Jonathan Franzen Drops Gossip On David Foster Wallace

Frazen vs Wallace

Via: The AWL

Looks like Jonathan Franzen is calling bullshit on David Foster Wallace.  At the most recent New Yorker Festival, Franzen alleged that Wallace fabricated a part (possibly a large part) of his non-fiction work.  Here’s a transcript of the conversation that took place between Franzen and journalist David Remnick, editor of The New Yorker:

Remnick: Well, I was, I was fascinated to hear... that there are some people in this world who feel that it's o— that to have a kind of hyper-postmodern view of nonfiction/fiction questions, that it's all writing, and that questions of fact, facticity and, well, that's kind of square and old-fashioned, and it's okay that Kapuscinski does what Kapuscinski does and kind of makes this up because it's really just a metaphor for Poland itself. And other writers that one could name who have a different view of fact and fiction... You're pretty strict about the dividing line. You see, you think that somebody who's—
Franzen (interjecting): [unintelligible]
Remnick: — allegedly writing nonfiction and cheats it—
Franzen: Yeah.
Remnick: —is cheating the reader, is somehow in a way that should be kind of like admitting a false —
Franzen: David and I disagreed on that.
Remnick: David?
Franzen: Dave Wallace, yeah.
Remnick: So Wallace felt well—
Franzen: Yeah, cause he—
Remnick: He said it was okay to make up dialogue on a cruise ship?
Franzen: For instance, yeah. Uhhmmm...
Remnick: I'm heartbroken to hear it.
Franzen: I know, I know. No, those things didn't actually happen. You notice he never published any nonfiction in your magazine.
Remnick: Not for want of trying but that's another matter, but but...
Franzen: He would have had to, maybe he...
Remnick: He would have fell before the fact-checkers.
Franzen: I think the fact-checkers... and, to me, the fact-checkers, we, uh, I'm so afraid of fact checkers.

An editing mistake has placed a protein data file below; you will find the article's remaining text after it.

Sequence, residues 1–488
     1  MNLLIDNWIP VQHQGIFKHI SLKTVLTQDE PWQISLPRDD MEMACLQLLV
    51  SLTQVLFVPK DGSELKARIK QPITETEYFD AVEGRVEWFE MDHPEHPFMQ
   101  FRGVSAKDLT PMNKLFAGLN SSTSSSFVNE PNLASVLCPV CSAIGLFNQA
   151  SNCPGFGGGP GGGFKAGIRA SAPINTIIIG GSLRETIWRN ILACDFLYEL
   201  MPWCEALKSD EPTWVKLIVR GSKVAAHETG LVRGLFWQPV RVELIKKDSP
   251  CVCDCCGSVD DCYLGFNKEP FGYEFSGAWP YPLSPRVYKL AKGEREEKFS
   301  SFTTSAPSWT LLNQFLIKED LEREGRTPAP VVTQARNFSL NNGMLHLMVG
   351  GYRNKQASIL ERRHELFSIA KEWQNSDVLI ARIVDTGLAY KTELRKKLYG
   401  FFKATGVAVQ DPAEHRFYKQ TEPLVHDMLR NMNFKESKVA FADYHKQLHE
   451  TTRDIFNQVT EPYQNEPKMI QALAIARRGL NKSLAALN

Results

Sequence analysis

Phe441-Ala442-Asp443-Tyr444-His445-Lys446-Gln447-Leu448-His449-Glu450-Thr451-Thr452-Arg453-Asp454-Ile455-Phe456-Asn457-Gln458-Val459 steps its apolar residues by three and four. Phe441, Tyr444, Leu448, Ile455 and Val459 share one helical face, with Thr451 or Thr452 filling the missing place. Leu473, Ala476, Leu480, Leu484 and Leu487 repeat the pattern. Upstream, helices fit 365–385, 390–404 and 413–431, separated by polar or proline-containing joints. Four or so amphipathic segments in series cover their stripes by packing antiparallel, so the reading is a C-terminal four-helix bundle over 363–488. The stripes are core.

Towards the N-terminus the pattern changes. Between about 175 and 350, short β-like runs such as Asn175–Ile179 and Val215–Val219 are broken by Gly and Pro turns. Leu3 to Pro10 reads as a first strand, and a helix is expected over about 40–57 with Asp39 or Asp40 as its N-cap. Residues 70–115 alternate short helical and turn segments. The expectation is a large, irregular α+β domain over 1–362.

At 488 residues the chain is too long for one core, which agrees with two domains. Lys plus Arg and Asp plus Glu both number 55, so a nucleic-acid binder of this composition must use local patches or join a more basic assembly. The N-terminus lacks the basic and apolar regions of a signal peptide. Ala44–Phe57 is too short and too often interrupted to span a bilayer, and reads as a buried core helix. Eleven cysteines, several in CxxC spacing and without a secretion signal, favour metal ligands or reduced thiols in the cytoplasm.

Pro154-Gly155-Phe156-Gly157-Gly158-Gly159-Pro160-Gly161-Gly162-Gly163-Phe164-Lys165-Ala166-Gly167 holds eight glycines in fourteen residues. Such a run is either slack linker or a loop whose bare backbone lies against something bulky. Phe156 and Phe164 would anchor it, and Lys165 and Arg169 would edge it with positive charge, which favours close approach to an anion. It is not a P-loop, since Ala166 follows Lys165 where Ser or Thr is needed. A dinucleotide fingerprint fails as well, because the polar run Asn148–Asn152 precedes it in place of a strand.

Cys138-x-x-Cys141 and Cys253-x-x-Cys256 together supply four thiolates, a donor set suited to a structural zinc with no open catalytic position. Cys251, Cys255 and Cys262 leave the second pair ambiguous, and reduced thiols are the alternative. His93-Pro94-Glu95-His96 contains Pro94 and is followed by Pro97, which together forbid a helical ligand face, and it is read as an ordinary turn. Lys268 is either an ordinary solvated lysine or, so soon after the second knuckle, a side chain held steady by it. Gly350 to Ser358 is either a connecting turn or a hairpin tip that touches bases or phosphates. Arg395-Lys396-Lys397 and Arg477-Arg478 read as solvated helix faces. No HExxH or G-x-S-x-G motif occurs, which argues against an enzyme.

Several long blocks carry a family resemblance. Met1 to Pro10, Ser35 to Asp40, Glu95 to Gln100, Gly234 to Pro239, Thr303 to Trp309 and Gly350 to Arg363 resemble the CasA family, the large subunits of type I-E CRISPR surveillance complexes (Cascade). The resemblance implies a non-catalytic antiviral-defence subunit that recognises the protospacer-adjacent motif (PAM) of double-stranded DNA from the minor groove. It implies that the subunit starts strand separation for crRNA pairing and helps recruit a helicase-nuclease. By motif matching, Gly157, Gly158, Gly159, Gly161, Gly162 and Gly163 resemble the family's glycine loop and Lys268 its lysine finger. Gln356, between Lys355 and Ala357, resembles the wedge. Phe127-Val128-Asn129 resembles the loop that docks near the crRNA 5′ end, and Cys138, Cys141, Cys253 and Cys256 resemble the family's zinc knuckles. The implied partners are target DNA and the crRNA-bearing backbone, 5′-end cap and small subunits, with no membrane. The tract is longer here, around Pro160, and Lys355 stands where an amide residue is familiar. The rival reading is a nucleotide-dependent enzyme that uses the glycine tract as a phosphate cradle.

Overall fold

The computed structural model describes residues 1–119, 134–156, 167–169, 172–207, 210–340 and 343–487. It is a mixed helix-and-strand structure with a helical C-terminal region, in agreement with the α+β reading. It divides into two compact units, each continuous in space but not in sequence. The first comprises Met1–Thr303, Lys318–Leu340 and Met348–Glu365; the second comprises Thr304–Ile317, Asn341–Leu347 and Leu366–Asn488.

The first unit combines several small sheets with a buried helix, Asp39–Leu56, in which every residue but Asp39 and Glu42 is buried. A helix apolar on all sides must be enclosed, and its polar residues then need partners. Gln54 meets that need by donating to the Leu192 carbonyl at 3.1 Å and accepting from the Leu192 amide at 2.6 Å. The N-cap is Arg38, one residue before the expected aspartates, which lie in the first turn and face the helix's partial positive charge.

Remnick: Good. [laughs]
Franzen: But that's, you know, that's kind of like the boundary lines in tennis. That was a great shot, only problem was it was two feet behind the baseline. I will have crushed...
Remnick: But David called it in.
Franzen: Well, yeah, I mean... I love that cruise ship piece of Dave's, so I'm not, I'm not... it was, yeah, two somewhat different approaches.

The problem is that the accusation isn’t very specific.  Franzen says, “Those things didn’t actually happen,” but what is he talking about exactly?  Just the dialogue?  Or is he saying the entirety of Shipping Out is fictional?

To Franzen’s credit, Wallace has admitted to taking liberties with certain elements of his non-fiction, specifically, cleaning up quotes.  He commented on the matter in one of his past interviews with The Boston Phoenix: “You hire a fiction writer to do nonfiction, there's going to be the occasional bit of embellishment. ”  To a point, I can understand that, if only to make the piece more “readable.”  As James Frey can attest, a line definitely exists, and it seems Franzen’s accusation is that it was crossed to some major or minor degree.  It’s the ambiguity of his statement that’s going to have the literary world buzzing, but perhaps Franzen already knew that.

When one highly revered author goes after another highly revered author, the results are never anything less than messy.

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Fylh's picture
Fylh from from from is reading is from is reading is reading is reading reading is reading October 13, 2011 - 4:20pm

Franzen is, at bottom, a worm pretending to to be a basilisk. And basilisks don't even exist; he's doomed no matter what he does.

Kasey's picture
Kasey from the morally and physically challenging plains of Texas is reading 12pt. Courier font October 14, 2011 - 6:09am

Add to this the fact that DFW is not here to defend himself and this looks even less appealing for the likes of JF...

Joshua Chaplinsky's picture
Joshua Chaplinsky from New York is reading a lot more during the quarantine October 20, 2011 - 11:15am

Great article on the relationship between Frazen, Wallace, and Eugenides HERE.

Bradley Sands's picture
Bradley Sands from Boston is reading Greil Marcus's The History of Rock 'N' Roll in Ten Songs October 20, 2011 - 4:48pm

I assume that a large amount of dialogue in creative nonfiction is fabricated (or paraphrased) because unless someone has a superhuman ability to remember everything that people say, the dialogue that they write won't be completely accurate.